There would be one very simple goal for the Parramatta Eels in 2015. Make the finals. It would be an understatement to say that the last few years have been tough for the club, given that it has been some time since they have made the finals. Put it down to what you want but there is more than one underlying reason behind it all and in 2015, that is the potential year to buck the trend.
In the Eels favour, they have one of the best and most talented up-and-coming coaches in the NRL right now. Brad Arthur is that man and from the word go in 2014, despite some indifferent results, you immediately saw the change in the team and how well they respond to Arthur. The Eels coach is a disciplinarian of sorts like a Bellamy but at the same time, he is charismatic and looks after his players both on and off the field. He is the sort of coach that players look up to and enjoy playing under because of his no-nonsense approach. Arthur will call it like he sees it and if there is something he sees that he knows is not right, he will pick up on it and rectify it immediately. Essentially, he embodies the true meaning of a man-manager and that is what players want. Someone that can relate to them professionally and personally.
In terms of the playing roster, there is one situation that is still on the lips of many fans, especially rival ones to the Eels. That is, as you can guess, Jarryd Hayne. The Eels superstar and focal point went in search of an opportunity in the NFL to fulfill a lifelong dream – and good on him, we say – and it has many opposition fans presuming that the Eels are set to languish as cellar dwellers and potential wooden spooners once more.
Such a time is when a coach like Brad Arthur steps in. He has worked feverishly and tirelessly to put together a balanced roster that has a chance to succeed in the NRL. Through new recruits, current players and a young brigade at his disposal, Arthur is keen to make sure that the club become galvanised and that they play together as a strong, cohesive unit, capable of winning a multitude of games.
Hayne’s departure has caused a debate of a different kind this off-season. Just who will play the fullback role?Now, we know that it will be Will Hopoate to play in the position as confirmed by Brad Arthur himself but for arguments sake, let us assess the options at their disposal.
Hopoate is no stranger to the fullback jersey. During his first NRL stint at the Manly Sea Eagles, he played some fullback and excelled there. For Hopoate, whilst he has to re-learn the position given his time away from the game and given his stint in the centres last year, it is actually his preferred position. A natural athlete in the game of rugby league, Hopoate will have the support of fans and team-mates as he readjusts to life at fullback.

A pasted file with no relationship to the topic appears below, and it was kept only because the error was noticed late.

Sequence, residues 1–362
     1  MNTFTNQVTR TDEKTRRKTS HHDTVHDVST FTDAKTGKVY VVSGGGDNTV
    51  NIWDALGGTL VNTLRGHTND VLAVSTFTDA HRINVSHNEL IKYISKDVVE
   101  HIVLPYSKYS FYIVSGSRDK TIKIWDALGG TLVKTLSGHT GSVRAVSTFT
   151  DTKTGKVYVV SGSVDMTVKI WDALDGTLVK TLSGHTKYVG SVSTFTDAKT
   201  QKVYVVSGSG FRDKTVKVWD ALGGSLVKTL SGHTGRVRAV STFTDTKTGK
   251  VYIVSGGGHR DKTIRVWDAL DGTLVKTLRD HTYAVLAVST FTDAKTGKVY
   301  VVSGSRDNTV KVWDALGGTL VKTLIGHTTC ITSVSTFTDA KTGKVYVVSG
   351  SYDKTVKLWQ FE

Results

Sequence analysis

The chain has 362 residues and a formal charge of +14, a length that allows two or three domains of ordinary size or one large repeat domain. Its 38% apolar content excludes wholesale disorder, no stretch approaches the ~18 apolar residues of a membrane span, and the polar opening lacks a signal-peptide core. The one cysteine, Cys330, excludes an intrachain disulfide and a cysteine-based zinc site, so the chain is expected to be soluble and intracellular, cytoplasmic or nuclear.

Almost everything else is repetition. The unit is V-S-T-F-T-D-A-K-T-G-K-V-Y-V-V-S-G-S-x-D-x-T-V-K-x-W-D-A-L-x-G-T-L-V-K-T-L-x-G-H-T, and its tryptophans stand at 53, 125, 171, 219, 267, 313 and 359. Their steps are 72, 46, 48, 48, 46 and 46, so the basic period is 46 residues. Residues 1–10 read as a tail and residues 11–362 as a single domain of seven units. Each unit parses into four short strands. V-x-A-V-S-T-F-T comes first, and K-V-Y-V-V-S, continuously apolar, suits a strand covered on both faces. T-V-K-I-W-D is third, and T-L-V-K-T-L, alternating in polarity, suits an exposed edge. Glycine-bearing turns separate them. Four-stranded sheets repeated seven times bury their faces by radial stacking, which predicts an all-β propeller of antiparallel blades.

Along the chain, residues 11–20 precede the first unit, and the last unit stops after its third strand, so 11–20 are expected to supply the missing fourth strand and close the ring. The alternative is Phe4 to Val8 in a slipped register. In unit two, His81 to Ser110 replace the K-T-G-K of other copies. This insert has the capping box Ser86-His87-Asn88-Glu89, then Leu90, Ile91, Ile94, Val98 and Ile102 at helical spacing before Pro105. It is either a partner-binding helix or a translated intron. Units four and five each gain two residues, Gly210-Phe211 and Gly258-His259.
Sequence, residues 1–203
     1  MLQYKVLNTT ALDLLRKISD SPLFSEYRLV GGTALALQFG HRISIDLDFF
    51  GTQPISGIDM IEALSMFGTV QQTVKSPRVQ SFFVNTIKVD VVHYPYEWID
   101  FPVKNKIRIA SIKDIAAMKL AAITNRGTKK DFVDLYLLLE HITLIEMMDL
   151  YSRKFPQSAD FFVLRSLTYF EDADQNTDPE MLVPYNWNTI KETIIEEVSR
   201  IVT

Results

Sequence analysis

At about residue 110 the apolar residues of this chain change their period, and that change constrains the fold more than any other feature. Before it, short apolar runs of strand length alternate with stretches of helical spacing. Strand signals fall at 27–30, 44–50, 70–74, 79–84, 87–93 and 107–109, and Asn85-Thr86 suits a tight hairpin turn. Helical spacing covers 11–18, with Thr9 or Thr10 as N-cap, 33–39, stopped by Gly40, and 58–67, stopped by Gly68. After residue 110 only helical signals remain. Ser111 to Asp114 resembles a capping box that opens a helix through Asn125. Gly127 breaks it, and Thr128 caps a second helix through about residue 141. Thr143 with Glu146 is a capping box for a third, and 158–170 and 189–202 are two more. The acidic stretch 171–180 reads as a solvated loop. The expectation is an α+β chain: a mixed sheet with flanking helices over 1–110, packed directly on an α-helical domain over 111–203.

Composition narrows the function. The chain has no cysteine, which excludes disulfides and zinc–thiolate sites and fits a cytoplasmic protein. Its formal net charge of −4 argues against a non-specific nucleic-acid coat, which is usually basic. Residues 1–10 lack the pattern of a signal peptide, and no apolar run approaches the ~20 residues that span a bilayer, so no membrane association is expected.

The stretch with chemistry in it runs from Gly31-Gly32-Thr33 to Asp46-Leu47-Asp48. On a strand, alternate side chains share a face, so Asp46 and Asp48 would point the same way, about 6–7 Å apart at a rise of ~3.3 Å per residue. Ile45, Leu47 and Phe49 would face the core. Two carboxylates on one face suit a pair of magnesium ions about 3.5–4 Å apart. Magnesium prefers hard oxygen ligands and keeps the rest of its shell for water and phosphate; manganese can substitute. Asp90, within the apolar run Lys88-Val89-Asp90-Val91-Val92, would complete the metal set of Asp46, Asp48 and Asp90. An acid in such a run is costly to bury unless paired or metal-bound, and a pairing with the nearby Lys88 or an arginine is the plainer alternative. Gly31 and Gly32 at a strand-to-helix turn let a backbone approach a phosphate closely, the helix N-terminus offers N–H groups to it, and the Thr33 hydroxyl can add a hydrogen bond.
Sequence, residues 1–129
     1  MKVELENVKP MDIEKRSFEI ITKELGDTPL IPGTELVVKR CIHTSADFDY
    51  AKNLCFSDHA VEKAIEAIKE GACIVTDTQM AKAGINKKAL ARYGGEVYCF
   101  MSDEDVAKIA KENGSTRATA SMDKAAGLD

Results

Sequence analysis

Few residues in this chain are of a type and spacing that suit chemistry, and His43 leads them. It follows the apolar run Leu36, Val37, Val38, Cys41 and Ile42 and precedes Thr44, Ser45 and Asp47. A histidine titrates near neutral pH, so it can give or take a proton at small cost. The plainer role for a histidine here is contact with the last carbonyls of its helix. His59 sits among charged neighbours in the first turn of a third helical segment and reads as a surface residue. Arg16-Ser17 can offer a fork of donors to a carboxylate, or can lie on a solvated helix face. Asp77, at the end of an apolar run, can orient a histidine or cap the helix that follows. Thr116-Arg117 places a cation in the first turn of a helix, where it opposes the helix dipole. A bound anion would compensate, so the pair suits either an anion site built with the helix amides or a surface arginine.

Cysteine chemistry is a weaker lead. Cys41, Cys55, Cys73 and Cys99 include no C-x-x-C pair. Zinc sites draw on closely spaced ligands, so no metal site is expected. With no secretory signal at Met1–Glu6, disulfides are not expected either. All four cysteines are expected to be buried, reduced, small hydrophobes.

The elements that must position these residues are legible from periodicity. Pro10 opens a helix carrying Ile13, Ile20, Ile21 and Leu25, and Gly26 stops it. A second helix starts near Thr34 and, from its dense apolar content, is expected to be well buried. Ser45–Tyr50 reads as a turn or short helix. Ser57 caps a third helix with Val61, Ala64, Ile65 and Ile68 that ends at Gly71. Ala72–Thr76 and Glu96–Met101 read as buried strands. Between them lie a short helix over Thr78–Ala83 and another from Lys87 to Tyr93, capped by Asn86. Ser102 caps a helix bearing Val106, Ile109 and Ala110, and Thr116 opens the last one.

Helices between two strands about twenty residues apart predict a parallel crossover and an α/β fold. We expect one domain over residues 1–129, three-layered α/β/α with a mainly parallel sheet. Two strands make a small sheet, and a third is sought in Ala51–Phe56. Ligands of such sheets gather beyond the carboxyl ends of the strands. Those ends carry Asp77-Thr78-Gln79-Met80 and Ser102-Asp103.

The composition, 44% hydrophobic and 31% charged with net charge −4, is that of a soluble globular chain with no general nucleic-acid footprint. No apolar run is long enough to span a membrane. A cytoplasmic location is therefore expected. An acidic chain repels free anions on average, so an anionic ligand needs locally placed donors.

In addition to Hopoate, the Eels have two recruits that are capable of playing fullback in former Canberra speedster Reece Robinson and former Dragons utility Adam Quinlan. Robinson is a noted speedster and offers dynamism and nippiness from the back, whereas Quinlan is more of a natural ball-player and can chime into sweeping attacking movements. Both obviously will not play fullback from the get-go but should Hopoate play Origin, the chance for one of them to pounce on the fullback spot will be in full-swing.
Finally, perhaps the biggest talking point other than Hayne’s departure has been the arrival of Anthony Watmough. The Eels forward pack has been calling out for a genuine leader, a veteran and a leader of men. Watmough, for some years now, has been regarded as one of the game’s elite and one of the best modern back-rowers in the game. With a largely young core back-row, signing Watmough and having him play alongside the younger players will be invaluable to them as players and as people. Even at his age, he is still a crucial player in any team and his work-rate, energy and punch, will be imperative for the Eels if their forward pack is to successfully lay the foundations for each game, every week.
Best buy: It would be easy to select Watmough with this one but this section is going in a different direction. Brad Arthur perhaps had a plan in the back of his mind or even subconsciously, that Hopoate was the man to replace Hayne at fullback. So, with a plan B in mind, the club went out and bought Brad Takairangi. The Cook Islands representative came off a very handy year at the Titans in 2014, where he played mostly centre and offloaded well, created well and made the most of the opportunities. In light of Hopoate’s move to the back, the Eels lacked a strike centre and in Takairangi, they now have one. His work-rate is also very high and in full flight and ball in hand, he has a hard player to stop and bring down one-on-one. An experienced player, he will be the one that the Eels back look to for inspiration and experience.
Most Promising Talent He has been around the traps somewhat in his junior career to date, but he is highly regarded among the Eels faithful and within the organisation. Halaufau Lavaka finished last year as the top scorer in the Holden Cup, a quality feat by the young winger. Big, mobile and robust, Lavaka scores tries for fun and score them with nifty footwork, brute strength or in the air, making him a tough player to handle for opposition defences. Rewarded with some recent opportunities in both the Auckland Nines and trial games, whilst he is still learning the game and refining his overall style of play, he is a talented player and one that is on the cusp of first-grade.
Our predicted line-up:
1. Will Hopoate
2. Semi Radradra
3. Brad Takairangi
4. Beau Champion
5. Reece Robinson
6. Corey Norman
7. Chris Sandow
8. Tim Mannah (C)
9. Nathan Peats
10. Junior Paulo
11. Manu Ma’u
12. Tepai Moeroa
13. Anthony Watmough
14. David Gower
15. Darcy Lussick
16. Danny Wicks
17. Joseph Paulo